Principle of Parsimony

You may have heard the phrase ‘less is more‘. I believe it applies well to predictive modeling and programming in general. Perhaps it also applies to transmittal of information more generally. As Mark Twain once remarked: I did not have time to write a short letter, so I wrote a long one instead.

Even in the sciences, compact equations (e=mc2) are elegant and seem to demonstrate that we have understood something about our reality in a profound way. Larger, messier representations of reality convey a feeling that more work needs to be done to distill out irrelevant details and get to a deeper state of understanding.

Predictive modeling is no exception in my opinion. More complex models are not ‘better’. In fact, they are sub-optimal if simpler models with fewer assumptions are possible with little or no loss of performance. Most of the time one would (and should) trade-off some performance for simplicity. And by the way, this does not apply to the final model form (e.g. 10 predictors instead of 5), but also applies to modeling techniques (e.g. black-box methods vs. transparent and easier to understand approaches).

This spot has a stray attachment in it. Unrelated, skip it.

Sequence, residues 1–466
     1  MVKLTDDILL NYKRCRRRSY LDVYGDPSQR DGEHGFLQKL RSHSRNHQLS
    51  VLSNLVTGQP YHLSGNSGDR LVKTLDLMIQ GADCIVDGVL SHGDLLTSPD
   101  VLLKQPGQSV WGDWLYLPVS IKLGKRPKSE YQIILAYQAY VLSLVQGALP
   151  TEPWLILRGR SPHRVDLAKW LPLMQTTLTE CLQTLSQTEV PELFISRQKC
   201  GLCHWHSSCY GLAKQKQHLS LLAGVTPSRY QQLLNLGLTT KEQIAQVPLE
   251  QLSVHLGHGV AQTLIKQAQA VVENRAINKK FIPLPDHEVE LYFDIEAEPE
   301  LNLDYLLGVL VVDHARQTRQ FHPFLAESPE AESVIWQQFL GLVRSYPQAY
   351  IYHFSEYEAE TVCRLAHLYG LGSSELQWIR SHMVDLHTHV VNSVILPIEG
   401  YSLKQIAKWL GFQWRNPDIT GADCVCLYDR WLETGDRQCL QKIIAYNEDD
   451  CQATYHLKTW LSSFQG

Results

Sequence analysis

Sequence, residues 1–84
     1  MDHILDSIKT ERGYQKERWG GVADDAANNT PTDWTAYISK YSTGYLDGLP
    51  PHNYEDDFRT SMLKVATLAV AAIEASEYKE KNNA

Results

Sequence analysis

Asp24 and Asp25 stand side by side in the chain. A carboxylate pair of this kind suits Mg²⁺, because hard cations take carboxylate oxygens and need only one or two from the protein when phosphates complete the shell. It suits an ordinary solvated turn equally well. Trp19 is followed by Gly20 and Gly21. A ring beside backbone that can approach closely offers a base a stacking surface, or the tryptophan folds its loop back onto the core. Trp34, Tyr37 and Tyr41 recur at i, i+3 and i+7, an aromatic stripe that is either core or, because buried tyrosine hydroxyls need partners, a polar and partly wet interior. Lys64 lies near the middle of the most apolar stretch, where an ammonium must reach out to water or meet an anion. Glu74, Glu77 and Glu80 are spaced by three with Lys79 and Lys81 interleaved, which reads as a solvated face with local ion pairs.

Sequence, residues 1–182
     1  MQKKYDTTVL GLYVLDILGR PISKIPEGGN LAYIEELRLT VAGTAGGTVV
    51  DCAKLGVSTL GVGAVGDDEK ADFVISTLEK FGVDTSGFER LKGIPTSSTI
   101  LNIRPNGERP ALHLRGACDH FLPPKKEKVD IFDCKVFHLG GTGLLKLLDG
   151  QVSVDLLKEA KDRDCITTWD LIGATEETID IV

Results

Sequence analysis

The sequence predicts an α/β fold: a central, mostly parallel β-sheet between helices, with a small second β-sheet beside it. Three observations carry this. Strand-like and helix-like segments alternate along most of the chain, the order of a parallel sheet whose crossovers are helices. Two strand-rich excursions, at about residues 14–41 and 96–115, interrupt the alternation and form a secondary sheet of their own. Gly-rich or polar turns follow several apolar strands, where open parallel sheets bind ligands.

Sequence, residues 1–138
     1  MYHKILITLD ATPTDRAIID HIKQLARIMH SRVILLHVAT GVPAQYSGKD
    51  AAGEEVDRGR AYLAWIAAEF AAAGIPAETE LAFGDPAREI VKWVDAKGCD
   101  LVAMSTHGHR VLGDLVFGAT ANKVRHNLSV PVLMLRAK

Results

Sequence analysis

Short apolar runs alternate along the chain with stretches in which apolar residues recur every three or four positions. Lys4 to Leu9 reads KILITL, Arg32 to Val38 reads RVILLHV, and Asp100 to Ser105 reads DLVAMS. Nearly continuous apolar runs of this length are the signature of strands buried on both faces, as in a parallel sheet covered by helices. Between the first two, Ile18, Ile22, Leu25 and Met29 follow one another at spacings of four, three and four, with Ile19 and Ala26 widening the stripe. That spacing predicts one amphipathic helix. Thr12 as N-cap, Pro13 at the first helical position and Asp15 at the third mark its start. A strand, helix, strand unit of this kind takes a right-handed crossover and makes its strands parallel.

This is 2019 – and our predictive modeling efforts are still for review and use by other humans. When the time comes when our algorithms are for the sole consumption of our machine overlords, you can chuck the principle of parsimony and be as opaque as you please. Until that time, keep focusing relentlessly on simplifying your methods and models to the point where degradation in performance is significant relative to your application. You will build better models, communicate them more effectively, and increase the odds that you have understood something real about the world.

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